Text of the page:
The Algona Upper Des Moines from Algona, Iowa on October 29, 1890 · Page 8
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The Algona Upper Des Moines from Algona, Iowa · Page 8

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Algona, Iowa
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Wednesday, October 29, 1890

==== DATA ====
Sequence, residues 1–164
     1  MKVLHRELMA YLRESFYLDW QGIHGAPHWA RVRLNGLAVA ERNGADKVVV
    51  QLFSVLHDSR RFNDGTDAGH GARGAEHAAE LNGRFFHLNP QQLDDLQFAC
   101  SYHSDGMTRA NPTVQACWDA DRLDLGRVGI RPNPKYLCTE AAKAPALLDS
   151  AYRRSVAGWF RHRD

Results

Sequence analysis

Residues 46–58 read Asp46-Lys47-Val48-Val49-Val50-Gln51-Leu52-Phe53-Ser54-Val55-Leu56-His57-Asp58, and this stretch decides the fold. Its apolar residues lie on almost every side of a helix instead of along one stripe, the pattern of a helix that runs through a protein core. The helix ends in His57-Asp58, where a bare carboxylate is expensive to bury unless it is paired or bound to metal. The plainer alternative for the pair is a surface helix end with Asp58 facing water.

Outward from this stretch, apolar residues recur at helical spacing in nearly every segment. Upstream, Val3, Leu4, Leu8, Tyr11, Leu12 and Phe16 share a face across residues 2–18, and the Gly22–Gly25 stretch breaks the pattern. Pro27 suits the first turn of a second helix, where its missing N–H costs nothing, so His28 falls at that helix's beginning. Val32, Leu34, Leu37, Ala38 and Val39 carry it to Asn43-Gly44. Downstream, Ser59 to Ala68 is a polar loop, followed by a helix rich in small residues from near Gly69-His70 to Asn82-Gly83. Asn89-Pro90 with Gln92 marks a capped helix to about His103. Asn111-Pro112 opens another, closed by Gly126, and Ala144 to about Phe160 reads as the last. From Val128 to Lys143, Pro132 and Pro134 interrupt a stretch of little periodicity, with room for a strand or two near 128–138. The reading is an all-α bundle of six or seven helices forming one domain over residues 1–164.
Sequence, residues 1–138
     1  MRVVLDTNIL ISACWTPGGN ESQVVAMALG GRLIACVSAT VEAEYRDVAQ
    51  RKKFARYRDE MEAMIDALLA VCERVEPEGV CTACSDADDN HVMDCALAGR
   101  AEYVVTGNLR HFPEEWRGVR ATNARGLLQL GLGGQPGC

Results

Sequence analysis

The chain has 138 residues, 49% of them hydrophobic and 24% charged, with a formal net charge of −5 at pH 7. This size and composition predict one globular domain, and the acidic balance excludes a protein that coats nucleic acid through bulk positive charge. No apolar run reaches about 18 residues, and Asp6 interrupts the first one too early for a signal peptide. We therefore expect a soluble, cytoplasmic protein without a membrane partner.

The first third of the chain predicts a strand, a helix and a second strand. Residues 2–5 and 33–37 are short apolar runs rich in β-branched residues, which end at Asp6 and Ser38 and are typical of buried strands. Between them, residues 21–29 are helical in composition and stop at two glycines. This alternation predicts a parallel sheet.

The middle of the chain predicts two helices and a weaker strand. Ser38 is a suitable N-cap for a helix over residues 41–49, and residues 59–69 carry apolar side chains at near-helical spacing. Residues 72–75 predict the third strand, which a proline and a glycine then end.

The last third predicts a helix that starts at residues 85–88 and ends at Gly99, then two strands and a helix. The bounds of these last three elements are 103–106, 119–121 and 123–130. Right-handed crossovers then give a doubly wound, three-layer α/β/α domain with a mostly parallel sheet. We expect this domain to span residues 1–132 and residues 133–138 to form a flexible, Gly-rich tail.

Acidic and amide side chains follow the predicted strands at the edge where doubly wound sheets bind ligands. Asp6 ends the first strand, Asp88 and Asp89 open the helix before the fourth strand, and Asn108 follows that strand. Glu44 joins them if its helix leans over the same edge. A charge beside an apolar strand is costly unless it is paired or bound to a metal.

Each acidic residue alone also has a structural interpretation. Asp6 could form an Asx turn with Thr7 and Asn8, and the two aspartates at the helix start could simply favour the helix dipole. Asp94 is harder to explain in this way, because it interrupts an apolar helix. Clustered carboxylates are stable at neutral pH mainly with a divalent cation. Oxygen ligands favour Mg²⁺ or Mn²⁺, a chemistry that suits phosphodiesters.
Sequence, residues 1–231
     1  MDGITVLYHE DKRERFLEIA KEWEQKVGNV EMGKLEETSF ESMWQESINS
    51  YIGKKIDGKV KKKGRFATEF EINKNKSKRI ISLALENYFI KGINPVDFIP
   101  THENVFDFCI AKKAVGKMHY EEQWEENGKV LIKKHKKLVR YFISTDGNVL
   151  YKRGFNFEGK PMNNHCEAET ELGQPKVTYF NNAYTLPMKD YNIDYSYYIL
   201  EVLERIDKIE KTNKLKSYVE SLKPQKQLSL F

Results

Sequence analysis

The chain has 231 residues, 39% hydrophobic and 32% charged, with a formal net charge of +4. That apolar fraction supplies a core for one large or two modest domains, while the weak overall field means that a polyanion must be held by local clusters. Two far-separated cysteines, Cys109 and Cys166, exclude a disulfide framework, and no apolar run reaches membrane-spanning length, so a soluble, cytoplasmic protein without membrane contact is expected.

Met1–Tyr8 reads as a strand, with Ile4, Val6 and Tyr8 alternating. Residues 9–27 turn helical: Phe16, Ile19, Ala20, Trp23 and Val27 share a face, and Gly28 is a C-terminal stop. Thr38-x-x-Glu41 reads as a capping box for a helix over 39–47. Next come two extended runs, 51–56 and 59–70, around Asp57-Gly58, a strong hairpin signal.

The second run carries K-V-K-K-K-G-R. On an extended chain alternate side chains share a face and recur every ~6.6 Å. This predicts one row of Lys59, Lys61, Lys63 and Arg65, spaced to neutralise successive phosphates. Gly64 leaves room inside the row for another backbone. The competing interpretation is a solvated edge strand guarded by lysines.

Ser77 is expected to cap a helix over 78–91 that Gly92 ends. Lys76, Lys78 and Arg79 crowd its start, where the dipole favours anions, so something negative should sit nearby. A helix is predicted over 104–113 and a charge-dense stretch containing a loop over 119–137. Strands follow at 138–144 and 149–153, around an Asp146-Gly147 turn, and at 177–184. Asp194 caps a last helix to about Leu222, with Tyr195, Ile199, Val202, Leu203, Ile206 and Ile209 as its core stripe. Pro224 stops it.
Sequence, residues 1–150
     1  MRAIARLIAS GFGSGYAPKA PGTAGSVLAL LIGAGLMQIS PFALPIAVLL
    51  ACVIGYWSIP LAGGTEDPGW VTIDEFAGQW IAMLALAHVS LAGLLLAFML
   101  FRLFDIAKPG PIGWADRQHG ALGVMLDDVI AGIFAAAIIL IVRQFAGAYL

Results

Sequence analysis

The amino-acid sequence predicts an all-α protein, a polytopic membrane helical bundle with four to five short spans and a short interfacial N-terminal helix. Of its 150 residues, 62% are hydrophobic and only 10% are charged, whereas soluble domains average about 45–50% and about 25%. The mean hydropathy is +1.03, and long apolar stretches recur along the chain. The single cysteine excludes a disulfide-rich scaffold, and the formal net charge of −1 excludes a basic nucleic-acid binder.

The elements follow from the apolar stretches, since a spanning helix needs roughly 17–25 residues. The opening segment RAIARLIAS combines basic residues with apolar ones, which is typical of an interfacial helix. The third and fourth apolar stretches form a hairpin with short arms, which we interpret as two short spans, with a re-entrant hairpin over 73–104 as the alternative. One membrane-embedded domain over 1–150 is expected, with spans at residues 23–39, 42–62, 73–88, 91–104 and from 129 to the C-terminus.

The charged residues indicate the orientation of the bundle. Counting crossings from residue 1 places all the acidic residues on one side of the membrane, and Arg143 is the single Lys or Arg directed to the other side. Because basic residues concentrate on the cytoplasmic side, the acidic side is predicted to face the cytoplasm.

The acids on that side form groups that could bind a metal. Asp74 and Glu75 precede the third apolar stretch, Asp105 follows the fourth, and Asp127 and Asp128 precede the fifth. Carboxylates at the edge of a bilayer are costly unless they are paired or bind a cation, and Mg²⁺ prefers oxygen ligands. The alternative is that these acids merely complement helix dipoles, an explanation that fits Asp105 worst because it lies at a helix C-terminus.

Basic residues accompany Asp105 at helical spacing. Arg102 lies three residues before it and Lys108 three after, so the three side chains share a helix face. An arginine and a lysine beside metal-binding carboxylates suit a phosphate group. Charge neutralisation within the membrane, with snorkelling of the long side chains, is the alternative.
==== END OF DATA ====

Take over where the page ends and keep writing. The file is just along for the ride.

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tflPPBB DJSS M01NE& ALGOKA, IOWA, WEDNESDAY, QOTOB1K 09, 180% Hie Upper Des Moines, SY 1NGHAM & WABRHlN. The TtepubHcan Ticket, .. Stftte.... ;..W. M. f of state..... ...... JAMES A. LYONS PM Of State. ...... .BYRON A BEBSON net General ............ JOHN Y. STONB J of Switt-eme Court.... J. H, HOTHROCK t of BttfeWttie OOtlrt ........... O. B. PBA Y ,_*ter Supreme Court.... N. B. RAYMOND Sway Ootnmlssloner ..... ..... .J. W. LUKE ' , Tenth ict.... ......,...,,.....1. P. DottlVER . of District Court, Fourteenth cial District. ...........;. OEO. H. tiAtttt aicial COtJOTY. fSe*k of Ootirts ............... A. A. BRuNSON seebfder ................. ....M. P. RANDALL OOllHty Attorney ...... . ..... W. B. QUARTON Q. H. PETERS, GRANT BENsbHOTteR Candidates* Cards. Vot 'County Attorney-I hereby announce Myself an independent candidate for county attorney. W. L. JOSLYN. TIM! iiOC'ATj ISSUE. The local question to be decided this , Ml is whether tho republicans propose to maintain an effective organisation in the county. It is idle to deny that another personal and sectional fight attended by defeat, will not be recovered from in years. It is useless to review last fall's campaign. Personal spite had much to do with its disastrous outcome, but we believe that much greater part was<luo to the mistaken political foresight which changed the regular order of our conventions, and called thorn all together. Be this as it may a ticket anado up In the main of good men was sacrificed. This fall wo have a ticket unexceptionable as to men, unexceptionable as to tho method by which It was put up. Is personal pique and tho "knifing" process to be resorted to in the -vain attempt to even old scores, and are tho republicans going to engage in a potty and absurd squabble i>y which ithqy lose .all chance of holding the respect and confidence of tho moss of intelligent and fair minded people v/ho cast the votes? This is tho issue «nd almost tho only issue. So far as^ the local tickets are concerned they both have good men, personally worthy of the ihonor should' they bo elected. The county will not bo ruined whoever is iolected. The republicans .stand facing the problem of casting their full, fair vote for a ticket fairly and honestly ohoson by themselves, and thereby commending tho intelligence and efficiency of their organina- ;tion, or of repudiating their own official notion, and thereby making their ^nominations worth less than tho paper they are printed on. The party stands at the dividing of thb yays. There ^should bo no doubt about wliich way it will turn. Let the honest action of tho convention bo endorsed by every man, who cannot prove to the satisfaction of iidr minded judges that the candidate lie objects to is incompetent, dishonest, ''or unfairly chosen. If the ticket put tip by the republicans ofKossuth county is defeated at the polls, then it may safely be said that none can be elected. But we have no idea that it ^lljujMnoutJhat Way. Wte give space this week to part of a long letter by Theodore Roosevelt ott the issue in Wisconsin, not only because that issue is by far the most important one involved in this fall's election, but also because his letter so plainly and fairly states the real sentiments of all American citizens wherever born. Mr. Roosevelt is the Dutch descendant which his name implies, as was Van Buren, but he is in the best sense an American, and one of the best Americans. There are few of us who trace our descent far without discovering that we are Gorman8,or Irish or Scotch or something else. But if wo are true to the spirit of our Institutions, we are Americans and nothing else. There is room for but one people even in this broad land, and whether near or far removed from foreign birth, not one of us can fall to endorse tho spirit of this let- tor. Any attempt to make distinctions of race in America, for people of one birth to have special privileges, for discrimination against our national language, is a revival of the know nothing spirit which so signally failed before, and which will fail again. MR, DOLLtVER IK 1MOKA. He Drew a House that Was fall to Overflowing—Enthusiastic Lls* • tenet's—A Good Speech* Mayor Jones Answers Some Democratic Tariff Argument—Stude* Pulls Off —Other Political Matters. "* In the course of his great speech in Major McKinloy'a district, Elaine defended reciprocity and said: "I believo we will make very favorable arrangements to trade with South America." Ho only asked a year's trial to prove that it wns the proper method by which to extend our commerce. WAS TO BE EXPECTED. No one is surprised and none fool disappointed because tho LuVerno News Man last week got out his sharp knife t and proposes to have the scalps of the ' republican nominees for county offices. It was to be expected, Ho wont home u disgruntled kicker. Ho was a delegate in tho convention, and offered no protest against the nominees at the time, nor to tho work of the convention, Which was the fairest and squarest convention ever hold in tho county. But the fact that lie was a delegate and a participant seems to cut no figure in the matter. Ho appears to bo a born . kicker, and that may bo a sufficient explanation for anything ho does. His main grievance seems to bo tho fact that the county attorney nomination fell to Mr. Quarton, whom ho first picture's as a ward politician, and later on accuses of having been one of the "purifiers" last fall, and of holding in his ifflce a meeting at which tho most vo- iferous cheering was over republican There can bo no doubt that there is a lot of humbug in some of the advance in prices made in this campaign. Whilo tho tariff advances the cost of some things, it can hardly bo said to increase the cost of those things on which it has been lowered. We commend Mayor Jones letter on this point. Whatever else may be said of Speaker Reed, no one will deny that ho is tho master of keen speech. In opening his ad- dross at Waterloo ho said: "There are a groat many of you hero, but I miss one class tho slid oyed and impoverished farmer of Iowa. I don't see a single agriculturist in all this vast assemblage. I see nono of tho signs that tho democratic papers toll us indicate tho presence of tho Iowa farmer. I am sorry, for I had intended to say some consoling words to them and assure them that we wore not going to rob them of their rags. But I see nothing before mo to ad- dross but bloated manufacturers; for your good clothes and happy faces show that happy condition which that eastern plunderer must bo in. So you must bo in Iowa by mistake, unless, perchance, democratic editors have boon lying about you, you look reasonably prosperous." The State Leader got a joke on itself last week «y having a big editorial about tho rise in tho price of dry goods, and in tho same issue a dry goods house advertises cheaper prices than over. That's where the tariff debate gets to in a campaign. .id rusu ipuf. CIIS mil efeat. Mr. Quarton denies the charge, jvnd if it comes to a question of voracity ,tween the two gentleman, our jour- itic friend's statement will not count v^ r'jnuch. But suppose it to be true, what sort of a position does the News place itself in by becoming guilty of the very thing which it decries in Mr. Quarton? Verily, consistency becomes a .precious article. Tho News has f aing but sneers for tho rest of tho I cet, and prates about most of the I jainees having been elected from Aly gpna, as if it were a crime for good men A '„ to reside at the county seat—men, too, who are all amply qualified, and who >l were the honest choice of a large ina- ' jority of the republicans of the county. Such ranting is tho merest twaddle, and is worthy of just about such fellows as the News editor. Outside of supervisor, this sort of argument has ; no weight whatever. A person elected f to any other county office than that of [. supervisor naturally becomes a resident | ^ Of the county seat. Algona made no $ nominations in that convention, nor K ; pould it have done so if it had desired. The men who were eventually the successful ones got their votes from all parts of the county. It was a conven- '-' tion without manipulation, without i trades, without bargains or sales, or promises of future delivery. And we believe these facts will be borne in gjind by the republicans of the county yho believe that honest and honorable Illljr f Party organization is worth anything. Tho Nonpareil devotes a four column editorial to Gov. Boies' speech at Council Bluffs. Tho .speech was worthy of tho editorial, and tho editorial does not fall bo- hind in merit. It is a good debate. THE MITCHELL ASSOOLATIQg. Urlef KoHiimo of tho AVorlc Done kt Jjtint Week's Mooting. On Tuesday and Wednesday of last week tho Mitchell association of Congregational churches mot with the local Congregational church of this city. Mitchell asociation derives its name from a little village located north of Osage, where there is a Congregational church which enjoys the distinction of being among the oldest in the association, it having boon organized in 1857 The name is in no sense an indication of the scope of territory covered bv the churches of this body. That territory includes a tract of country nearly one hundred miles long from east to west and about forty wfdo from north to south, Algona being at tho western and Now Hampton at the eastern limit. Within its boundaries are about thirt churches, many of them small an! weak, still children of tho Home Mis sionary society which contributes mor than $1,500 each year to sustain christ Ian work in these parts. Tho association meets twice eacl your, in October and May. Tho latte is the regular annual meeting and i usually regarded as the more impor tant, reports of church and Sunday school work being submitted at tha tome, and plans laid for tho successfu raising of home missionary funds Algona was favored with the fal meeting, and some seventeen delegates from abroad were present. Rev, N S Packard of Ionia was chosen moderator' and tho regular programme began with tho addresses of Secretary Towle and Rev, Goiger of Mason City. Wednesday was devoted to tho general topic of applied Christianity, Mrs. Hinckley of Riceville, and D. R. Hubbard of Mason City reading able papers. Rev. Chas. Noble of Charles City discussed Mormonism. During the ladies' meeting in the afternoon Mrs. H. E. Stacy read a paper giving reminiscences of home missionary work in early times in Algona. In the evening" Rov. H H Morse gave his ideas of the relution- shtp of religion to social problems, and Rev. Douglass and Rev. Hicks closed tho meeting with able addresses. The attendance at all the meetings was good, and much interest was manifested. It hus been some years since Algona entertained the association, and e reet ^ "gain whenever ma choose to journey J y ?i . the brethren from the eastward. Mr. DqiliVer must have have felt that the large audience which greeted htta at the court house lost Thursday evening was a mngnificient compliment, not alone to his ability as an orator, but to his Work during the past two years as congressman from the Tenth district, as well. The court room and gallery were filled to such extent that standing room was not only at a premium, but many of the late comers were obliged to go away, not being able to get into tho house. Such a crowd has not gathered in Algona to listen to a political speech for many a day. And it was not made up from Algona alone, but noticeable in the audience were many farmers from a considerable distance from town, and from ail parts of the county. It was a representative gathering. It was likewise enthusiastic, and evidenced its appreciation by frequent and hearty applause. If we may be allowed to pass judgment, it is proper to say that Mr. Dolliver has made marked improvement in his methods of campaign speaking. Formerly his addresses were punctuated with more of the dash and brilliancy of oratory; now ho makes use of argument and statement of facts. As ho remarked privately, ho has " dropped tho fireworks and got down to business. " The change is in the line of progression, and wo lilco it. Brilliant oratorical flashes count for little in a political contest. They sound well from the rostrum but are soon forgotten. What the people want in a matter in which they are vitally interested is facts—the actual situation—in order to enable them to intelligently exercise their royal prerogative as American citizens. The rest may safely be left with them. In possession of the correct information, there need be no fear but they will do the proper thing when they go to the polls on election day. Mr. Dolliver treated in a general way of tho things done by congress and the republicans, rather than of what had been promised and what 1 they were going to do. He endorsed the dependent pension bill, and cited numerous instances of worthy people being deprived of pension aid who were justly entitled to it, because of the difficulty of securing the necessary evidence for presenting their claims. Those from whom this evidence was obtainable had either passed to the " silent majority" or were not to be found. The dependent bill in a large measure remedied this evil and it was passed by a republican congress. He did not want to live to see the day when a worthy, veteran or a veteran's widow should ask for and be refused the small pittance which, in many casses, was the sole means of keeping body and soul together. He would lose his good right arm before he would ever vote against a measure which would furnish such relief. Of the free coinage act be wont into an extended explanation of the country's financial policy, tho necessity for the coinage of more silver, and the manifest benefits which were bound to follow. More people were anxious to hear something about the tariff than anything else, and when he reached this question he said that his hea'rers were probably prepared to see him " slip up on the tariff." His views are probably well known on the subject. He favors the McKinley tariff bill as probably as the best that could be done under the circumstances. While the tariff rate was increased on many articles, it was reduced on others, so it was perhaps an even thing as compared with the old schedule. However much people may differ on this quustion of tariff, or dissent from his views, he made a very plausible argument in favor of the present system. It is a question not to be determined by one political speech nor a dozen, but rather by the actual workings of the law as they shall be developed later on. He main tained that prices for goods were not be ing advanced as a result of the passag of the tariff bill, and in support of th _ cited numerous published interview with Marshalltown business men in which they averred that prices wer not being and would not be advanced that they had bought heavily at the old prices, and would sell at corres ponding figures. He very candidly at good prices now being attention of the writer having been called to this item, he concluded to look the matter up, as ho such notice had been served on him by any Of the companies he deals with, and on examining the schedule 0, which includes iron and steel, he found that instead of an advance of duty on the bars of irttn and eteel of which harrows are made, there is either no change from the old rate or there is a slight reduction, as, for instance, bar iron rolled or hammered, comprising flats hot lefis than ohe inch wide nor less than three-eighths of an inch in thickness, the old rate was eight-tenths Of a cent a pound, and the hew rate is precisely the same. In the matter of forgings of steel or iron, or tho two combined, the new rate is two- tenths of a cent a pound less than the old rate, so that as a matter of fact harrows and pulverizers ought to be less rather than more in price than last season. As the item referred to in this article was evidently intended as a political scheme to affect the coming election, and not a notice on the part of Mr. Graham that he intended to advance the prices of all his iron and steel goods next season, I simply thought I would say to my customers and all others that steel harrows and pulverizers will be sold by me at the old stand, or delivered free of freight at any station in the county, at old prices and probably less than fast season. Goods of this class have been constantly declining in price for the past fifteen years and will continue to decline for years to come, iust in proportion to'the cost of producing them, not alone in the cheapening of the raw material of which they are made, but by improved appliances in the manufacturing process. There is not a farmer in Iowa who does not know that there has been a constant decline in the price of all clasbes of farm implements for the past twenty years, and this decline will continue in all departments of manufactured goods just as fast as capital can find safe employment in the development of the latent resources with which this country abounds. It is all nonsense to talk of advancing prices of steel or iron goods; it is only a trick to furnish an excuse for asking more than goods are worth, or for political effect. Call at the new Algona Wigwam and get all the first- class goods you need at old prices, with the regular decline which each season has brought about. My building is full of all kinds of useful articles for the farm and road, and I will guarantee no advance in prices at present. J. R. JONES. Studer Declines. Nathan Studer in a letter to the democratic committee declines to be a candidate for supervisor. In part he says, '' although I did not solicit the support of any delegate, I received the nomination, for which I feel truly grateful. I consider it proof that I have the confidence of my party, and that it was an endorsement of my official acts while I held the office of supervisor. That endorsement is far dearer to me than the office, and DOM OK THE BIG MtJBDY, A firlef Visit to the Thfltittf Cities of Cottiicii Staffs ftfid tffiey Are Doing. Nebraska's Peculiar Political Situation- Former Algonians who Are fcoitfg ride, the HW tt of the town. _ north lies,thece«eta the. tttt Nebraska, next to Wisconsin, is closing one of the most interesting rifed exciting political campaigns e'vef held in the United States, the issues are divided, but the greatest struggle is over the prohibitory amendment. This will be submitted at the polls to vote, and a desperate struggle will bo finished in which the forces of prohibition all over the country have been pitted against the commercial influences in the state. The campaign has been conducted with vigor, nearly every business man actively opposing the measure. Omaha especially feels a great interest in the outcome, as there is a prevailing impression that if prohibition succeeds for years at least the result will be to disturb business and discourage the investment of capital. While visiting there Friday, we heard no other opinion expressed by Omaha men, and yet the result is in some doubt, and the work on both sides is increasing, Among the advocates of the amendment has been Gov. Larrabee, and a leading Omaha lawyer, assured us that he had made the most effective address of the campaign. His argument was, that while prohibition would not stop all liquor selling, it would make it a 'lawless business, conducted by the law breaking class, and supported likewise. The result would 'be to remove any trace of respectability from the public drinking place, and this rapidly destroys its attractions and power. The most able persistent and aggressive ap- ponent is E. Rosewater, editor of the Bee, the leading paper of the west. When ho began the prohibition forces were on the ascendant. He has made the fight through his paper, on the stump, part of the time without active support, but with such force, that the impression is that the amendment will be defeated. But another issue of scarcely secondary interest is up, and with surprising developments. The Farmers' alliance has a full state ticket in the field, and the tributed" the brought for farm produce to the natura and proper causes. There is a short ago of crops in a large belt soutli of us and Io\ya, and this portion of the state in particular, was the favored region, being blessed with a most bounteous harvest which the other fellows were compelled to buy because they had but little of their own. Mr. Dollivor got off a gooc] ".ling when he said our good times wr .0 not, in. his judgment, the result of the silver bill, nor the tariff bill, nor of any other one thing. He felt that providence had a hand in it, and ho said ho credited it " one-half to God the other half to the republican party and nothing to the democratic party." Mr. Dollivor rounded his periods, as usual, with tine rhetoric and bright lashes of wit, and while these wore us- wlly at the expense of the democrats those of that political faith in the audience seemed to enjoy them as much is anyone. Ho spoke for about two lours, during which time he held the closest attention of his hearers. He <ook the night train from here to Osage vhere ho was to speak the evening fol- owing. as my nomination was not wholly satisfactory on account of my location, I hereby respectfully decline the nomination." Without discussing the reasons for this declination it is proper to say that it should not have been made. Mr. Studer was an excellent member of the board, was nominated because his friends wanted him on again, and is located where the member should be, if a democrat is to be elected. Mr. Benschoter is even more fairly located to balance the board, but Mr. Studer's location was fair. In his place Mr. Lovell of LuVerne was put on the ticket. Mr. Lovell is a stauftch democrat and a good business man, but is located pretty far south considering the remainder of the board. ,. Dr. Peters Will Run. It has been reported, says the Bancroft Register, that G. H. Peters, republican nominee for supervisor, is going to leave the county and in that event will resign his position in favor of another prominent Ramsay citizen, but the statement is without foundation. We interviewed Mr, Peters on Monday, and he informs us that he is not going to leave the county. When he accepted the nomination he meant if he was elected he would put in his energy and time necessary to fill the office for three years.' And as to his resigning in favor of somebody is pretty thin. is making a campaign which puts them in the "A" class of Nebraska politics. At Kearney last week they had a rally in which 1,000 farm wagons were in procession, and over 8,000 farmers. Equally surprising demonstrations are going on over the state, and democrats admit that the contest lies between the alliance and themselves. In any event the contest is close, though Omaha people think Boyd, the democratic candidate for governor from that city, may be elected. The Farmers' alliance movement of Nebraska has been made necessary by the failure of either other party to take up the railway question in earnest, and an Iowa man seeing the struggle ahead, not only there, but in other western states, cannot but feel pleased, that for better or worse Iowa is done with it, and that the railways have accepted the situation. The tariff is also a factor in the farmer's movement, and it is generally conceded that Senator Paddock's most popular act MISCELLANEOUS MEMOEANDA. final passage In case a member of the board resigns his place is filled by tho votes of the county auditor, recorder, and clerk. As these offices will probably be filled with democrats after January first, the resignation of Mr. Peters would be desirable for the benefit of that party. Of course the statement was a mistake, Republican Speeches. Hon. B. I. Sallinger of Manning will speak at the court house Friday evening. He ranks second Only to Dolliver as a brilliant orator and it will well repay everyone to hear him. Hon. W. M. McFarland will speak at LuVerno Friday evening. His cara- mign thus far has been characterized >y good, level-headed addresses over the state, and he will give Lu Verne a food meeting. was his vote against tho of the tariff bill. Omaha's growth in late years 'has been rapid, even if it be admitted that the census count of 139,000, be a slight exaggeration. It has the largest smelting works in the world, and the second largest packing houses, and its factory smoke rising through the morning fog of the Missouri, gives it an appearance not unlike Pittsburg. It is scattered over so much ground that it does not seem the city that it is, until it is thoroughly inspected, but in time one sees that it is there. South Omaha is the meat making part of town Armour has a packing house which employs 1,500 men, and the force is to be doubled. We went through the smaller house of Hammond & Co., employing about 500 men, and saw for the first time how it is that they now utilize all of a hog but the squeal. They were killing cattle and-hogs, The beef and t . - A Patterns In fall styles of ladies' and children's Scents Call and ask for "Metropolitan Fashion Sheet." Free to everyone, at Setohell & Setchell's. The Mayor on tUe Tnrlir. To the Editor: I notice an item in tie Courier of last week which the ed;or of that paper designates a clincher, item states that J. H. Graham of Bancroft had ordered a car load of har- owsand pulverizers from the Rock Island Plow company, expecting to pay the old prices for them, but was informed by the said company that as iron and steel had advanced they would be obliged to charge $2.50 above former prices for harrows, and make » corresponding advance .on pulverizers. The THE PBAIBIE LAWN HERD, 'ubljo Sale of Short Horn Cattle Thursday, Nov. 0. The herd of Short-horn cattle owned by J, B. Jones will be sold at auction next week Thursday, Nov. 6, at his farm three miles west of town. Col. Scott will conduct the sale. No better opportunity will ever be given in Kossuth to get high-bred cattle than at this sale. The sale begins at 10 o'clock, horses and hogs being sold before noon pork they smoke or pack. The tallow and lard they make into olemargarine and what is left of the tallow into candles, the intestines they clean for sausages, the leg bone they send to England to make tooth brush handles the horns go for combs, the pith of the horn goes to the glue factory, the hoof goes to the glue factory, and the foot into neat's foot oil, the blood is boiled down and dried into a fertilizer, worth $25 a ton, the lungs, paunch, etc., into fertilizer, worth $18 a ton. South Omaha has 12,000 people, and the packing houses support them all. Within a few years several magnificent office buildings have been added to the city, The Bee building, the New f°T >k ™M?'- and t , he Paxton are three. J. J, Wilkinson has his offices in the Bancroft Is "Worked Up-Over Saturday's Elopement—Other Notes. Bancroft is having a big sensation in which Geo. W. Skinner of earlier no- tority is a prominent figure. Saturday night at about midnight in ^company with Miss Lulu Clark he departed for places unknown. Considerable excitement prevailed in the morning, but no effort was made to trace the eloping couple. Mr. Skinner will be remembered as the prosecutor of a divorce suit at Algona some months ago. He brought action but when his evidence was examined his attorney dismissed the case. Shortly after he became a resident of Chicago, the city of divorces, and in a few months returned to Bancroft with the document in his pocket. How he got it no one knows it is enough to state it was not on any "satisfactory evidence against his wife, a reputable lady living at Rockwell City, Miss Clark is a well known teacher In the county and a daughter of E. F ^larlc, for many years postmaster of Bancroft. She was sleepmg with her sister but persuaded her to goto a tnere is nothing to prevent Skinner from marrying Miss 'dark, probaWv tUey WlH soon i-eturn and make, Ba? croft their homo, Stock Killed by tne Cars, What proved a narrow escape for an east bound freight on the Milwaukee' happened Sunday night at 11 ( m the cut west of the river horses, a mule colt and another ' ) a gate open went on the track wandered into the cut. and The passenger through but train had just gone _ uugll mi would have is most latter, and is pleasantly situated He say* he is having all the business he and his clerk can attend to. J. B Emminger is in the New York Life building, and also has fine offices, and is doing good business. Both of our old Al- gomans look as though the climate whole train and it gnute insures a were hotmuchcut --Pounded to but both swear bv and cattle after dinner, noon. Some full-blood are part of the stock, attend this sale. Free lunch at breeding sows Everyone should Public Stile. Saturday, Nov. 1, 1890, twenty-three head of cattle, all grade Short-horns, consisting of cows, steers, heifers, calves, and yearlings. Sale will be held in Algona at I o'clock. Terms: 12 months' time at 8 per cent, on approved notes. Five off for cash. _ JAS. A. FOSTER-. D. A. HAGGARD, Auctioneer. Rock salt cannot be 75 cents per hundred Lang-don's. beat for- stock, agreed with them, and Omaha. In the New York Life we met N. ,M. Hubbard Jr.,, the Northwestern attorney, whose handwriting has been made so public by the democratic papers hereabouts. He laughed about the matter and said he had no idea how the letters got-out as he had never seen Brown's reply, He also • remarked that he had been interviewed several dozen times, and had always agreed to submit to the process on one condition and that was that he should first inter view the man who got hold of his letter and used it. As that man had not been forthcoming he had declined with thanks to talk about the matter. COUNCIL BLUFFS. While Omaha is very much more of a city, and has very much larger business interests than its Iowa neighbor in many respects the latter is fully as attractive. It is much more handsome- A Serious Collision, handcar. AH tv, Q ,, curve in the cut "^ against a heavv barely had time fr-- in grade on turned the squarely , U P» and tore the en, « amid fly. * m i at Townsend , , valley in the bold Missouri bluffs, and spreadin out on the four miles of bottow, whi * r the treacherous & river leaves on the Iowa side. Part of I the Plufft however is on the hit their ng posts over the K d r does not destroy all — Back from the center of through the Various ravines are of the handsomest streets, and fl under the hills soffit handsotfe dences. In one are some wttwtoB Mormon settlement, which stonpt- ^ there as Brigham Yotlflg marched W followers through to Utah, The Bluffs, however, does noti rest itf claim to notice on its beauty of looatiott or historical associations. It it i now building one of the handsomest hotels in the west, much finer than Omahfl, has or Des Moines. It Will be com- nleted this year, and will rival anything west of Chicago. The United States court building, the court house, and a , number of handsome blocks also attract L attention, while the city boasts the largest exclusively retail store in the state. „ ,, The electric car line between Council Bluffs and Omaha has been a big thing for the Bluffs. The flats have filled in with the houses of Omaha employes who can live much cheaper on the Iowa side, and now that cars run every ten minutes, they can reach their work with ease. Already there is a continuous city across the flats, and work is being done to prevent the river from changing its channel again. If this success, Council Bluffs will soon extend to the confines of Omaha, and the two cities will be one BO far as making a big commercial center. Politics in southwestern Iowa is somewhat mixed. It is believed that A. R. Anderson will be elected in the Eighth, or southwestern district. In conversation with Editor Snyder of the Nonpareil, he was very confident that Judge Reed would win in the Ninth. Col. Bowman, his democratic opponent, is popular in Pottawattamie county, but ' Judge Reed will beat him elsewhere. Judge Reed was unfortunate in dis- tributinp- the postofflces, and though a very able and highly respected man,. made some party enemies. But for this there would have been no question of his return, and his friends have no doubt of it as it is. fc. :es Lie . re* m. it- ut le